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Lloyd Lofthouse

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Our Hart, Episode 26
By Lloyd Lofthouse
Posted: Monday, December 14, 2009
Last edited: Tuesday, March 02, 2010
This short story is rated "G" by the Author.

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Recent stories by Lloyd Lofthouse
· Crazy is Normal, a classroom exposé, Scene 13
· Crazy is Normal, a classroom exposé, Scene 12
· Crazy is Normal, a classroom exposé, Scene 11
· Crazy is Normal, a classroom exposé, Scene 10
· Crazy is Normal, a classroom exposé, Scene 9
· Crazy is Normal, a classroom exposé, Scene 8
· Crazy is Normal, a classroom exposé, Scene 7
           >> View all 97
Robert Hart arrived in China in 1854. By the time he left in 1908, he was the most powerful Westerner in China's history and the only foreigner the Emperor of China trusted. His love and dedication to China was born from the love for one woman—a love story Robert wanted to hide from the world. I spent a decade exploring China and Hart's life to discover this story.

_________________________

For the next few months, Robert tried not to think about Ayaou. He buried himself with work. He wanted desperately to help stabilize the situation with the Chinese government, so he could be with Ayaou again. He glued himself to Parkes. They went everywhere together as battles raged in and around Canton.

The world turned to black and white with occasional violent flashes from the British and French cannons and rebel rockets. Without Ayaou, there was no color in his life. Even the food lost flavor. He couldn’t tell the difference between a sip of water and sweet plum pudding.
 
He thought about Payne Hollister often. Determined to deal with him, he contacted people in Hong Kong. They found an address. He wrote a letter.
 
“Hollister, I read your lies. I find it amazing that you still hold a grudge after all these years.
“Yes, I admit that something happened with Me-ta-tae. Something I regret. It happened once and was over in moments.
“If forcible intercourse with Shao-mei wasn’t enough to satisfy your anger and you still want revenge, I’m willing to offer you satisfaction. Your choice, swords or pistols? Be a man. Name the time and place. I will be there.”
 
To prepare himself, he improved his sword skills by practicing with a British major. They worked for hours most evenings until Robert was drenched with sweat. He didn’t worry about his skill with a pistol. He’d always been a good shot. Even as a child, he’d been a better shot than his father had.
 
His motivation ran deeper than he wanted to admit. Every time he practiced, he imagined what it would feel like to kill Hollister and make him suffer. He wanted revenge for what Hollister had done to Shao-mei.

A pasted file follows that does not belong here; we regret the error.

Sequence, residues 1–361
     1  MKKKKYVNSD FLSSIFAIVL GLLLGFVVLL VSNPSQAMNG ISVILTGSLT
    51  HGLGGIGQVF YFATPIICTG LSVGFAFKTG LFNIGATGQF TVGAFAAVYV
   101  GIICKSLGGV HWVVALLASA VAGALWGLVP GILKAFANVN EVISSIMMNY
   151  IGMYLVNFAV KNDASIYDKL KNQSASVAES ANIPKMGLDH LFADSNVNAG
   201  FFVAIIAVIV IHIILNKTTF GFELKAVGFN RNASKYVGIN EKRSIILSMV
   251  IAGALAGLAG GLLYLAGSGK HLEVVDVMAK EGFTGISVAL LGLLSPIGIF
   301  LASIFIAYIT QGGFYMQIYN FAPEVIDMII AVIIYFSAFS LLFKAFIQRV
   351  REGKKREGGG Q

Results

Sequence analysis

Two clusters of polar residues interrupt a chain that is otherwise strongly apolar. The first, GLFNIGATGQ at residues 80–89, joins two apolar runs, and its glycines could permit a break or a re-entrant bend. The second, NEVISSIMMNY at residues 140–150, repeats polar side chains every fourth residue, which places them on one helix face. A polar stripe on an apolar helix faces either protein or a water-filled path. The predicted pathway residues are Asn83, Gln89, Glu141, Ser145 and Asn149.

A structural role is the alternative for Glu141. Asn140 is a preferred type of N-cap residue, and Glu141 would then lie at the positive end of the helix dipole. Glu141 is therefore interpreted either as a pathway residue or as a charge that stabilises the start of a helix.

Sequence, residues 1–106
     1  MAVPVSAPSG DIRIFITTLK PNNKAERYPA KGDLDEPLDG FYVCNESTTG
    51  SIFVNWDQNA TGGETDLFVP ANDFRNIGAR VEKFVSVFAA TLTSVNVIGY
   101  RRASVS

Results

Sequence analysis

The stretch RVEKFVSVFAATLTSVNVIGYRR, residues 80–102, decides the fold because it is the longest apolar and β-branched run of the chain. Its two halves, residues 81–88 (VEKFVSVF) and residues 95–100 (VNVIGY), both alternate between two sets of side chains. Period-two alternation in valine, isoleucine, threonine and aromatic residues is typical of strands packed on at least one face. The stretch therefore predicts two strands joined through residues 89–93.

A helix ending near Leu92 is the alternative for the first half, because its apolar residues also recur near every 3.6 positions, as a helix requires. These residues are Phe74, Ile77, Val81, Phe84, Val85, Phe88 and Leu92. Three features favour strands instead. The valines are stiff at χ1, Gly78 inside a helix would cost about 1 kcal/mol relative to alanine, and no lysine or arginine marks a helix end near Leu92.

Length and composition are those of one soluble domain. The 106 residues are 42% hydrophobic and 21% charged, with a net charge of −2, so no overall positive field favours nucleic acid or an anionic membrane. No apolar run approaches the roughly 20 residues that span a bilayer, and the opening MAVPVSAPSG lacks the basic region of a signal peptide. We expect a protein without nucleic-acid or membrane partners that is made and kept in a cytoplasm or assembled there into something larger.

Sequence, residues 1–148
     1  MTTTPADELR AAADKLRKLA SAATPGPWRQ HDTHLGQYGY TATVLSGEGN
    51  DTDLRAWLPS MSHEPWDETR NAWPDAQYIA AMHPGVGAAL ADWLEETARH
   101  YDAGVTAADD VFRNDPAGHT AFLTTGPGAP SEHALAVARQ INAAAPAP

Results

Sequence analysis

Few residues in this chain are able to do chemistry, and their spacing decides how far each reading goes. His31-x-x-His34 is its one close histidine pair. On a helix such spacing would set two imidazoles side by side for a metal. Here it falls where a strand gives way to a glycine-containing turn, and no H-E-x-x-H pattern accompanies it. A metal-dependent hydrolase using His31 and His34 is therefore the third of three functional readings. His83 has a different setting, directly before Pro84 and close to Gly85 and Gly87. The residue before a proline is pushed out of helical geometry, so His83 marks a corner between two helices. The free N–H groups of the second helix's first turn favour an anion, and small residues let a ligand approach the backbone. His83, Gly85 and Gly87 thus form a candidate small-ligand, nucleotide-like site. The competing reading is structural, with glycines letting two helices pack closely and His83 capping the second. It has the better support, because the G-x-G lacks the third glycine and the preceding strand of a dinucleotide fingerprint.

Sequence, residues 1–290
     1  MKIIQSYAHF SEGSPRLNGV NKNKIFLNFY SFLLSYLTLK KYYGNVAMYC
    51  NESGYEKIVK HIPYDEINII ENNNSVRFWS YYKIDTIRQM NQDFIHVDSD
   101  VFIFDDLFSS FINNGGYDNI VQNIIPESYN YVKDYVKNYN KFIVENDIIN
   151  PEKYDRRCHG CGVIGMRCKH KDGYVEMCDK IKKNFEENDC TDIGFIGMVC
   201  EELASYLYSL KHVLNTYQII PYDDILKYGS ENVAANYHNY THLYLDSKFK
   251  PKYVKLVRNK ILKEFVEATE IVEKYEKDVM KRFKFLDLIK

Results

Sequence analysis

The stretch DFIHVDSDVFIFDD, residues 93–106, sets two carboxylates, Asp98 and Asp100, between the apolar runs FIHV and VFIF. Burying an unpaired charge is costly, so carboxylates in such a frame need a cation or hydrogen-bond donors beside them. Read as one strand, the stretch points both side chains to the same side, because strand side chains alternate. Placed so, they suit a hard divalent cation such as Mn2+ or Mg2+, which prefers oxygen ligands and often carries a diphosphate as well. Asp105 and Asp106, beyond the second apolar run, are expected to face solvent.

*    *    *
 
Weeks went by and there was no reply from Hollister. Robert had no way to know if the letter had reached him. One good thing came of it—writing that letter and sending it put the episode concerning Me-ta-tae behind him.
 
Confronting his guilt regarding the seduction of Me-at-tae and his willingness to risk death to atone for it helped him shed that sin.
 
He continued to practice with the sword. After all, Hollister might appear any day.
 
*    *    *
 
A court-martial commenced for three Royal marines. Robert acted as the interpreter for the Chinese witnesses. Seventeen charges had been brought against these men—charges for assault, attempted rape, robbery and murder. During their questioning, it became apparent that they believed they could do anything they wanted to the locals.
 
The affair disgusted him, but he kept his opinions to himself since most British and French didn’t feel the way he did.
 
Their punishment was light compared to the crimes they had committed. Their victims could have included Ayaou or Guan-jiah. Those soldiers should have been shot. Instead, they were reduced in rank, spent thirty days in the stockade and sent back to duty. The message said a Chinese life was worthless.
 

Web Site: Our Hart, Elegy for a Concubine  

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Reviewed by Gene Williamson 12/16/2009
Lloyd, I look forward to the swordplay if it occurs. -gene.
Reviewed by Karen Lynn Vidra, The Texas Tornado 12/14/2009
Excellent addition to this series, Lloyd; well done!

(((HUGS))) and much love, your friend in Tx., Karen Lynn. :D


Books by
Lloyd Lofthouse



Running with the Enemy

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Crazy is Normal a classroom exposé

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My Splendid Concubine, 3rd edition

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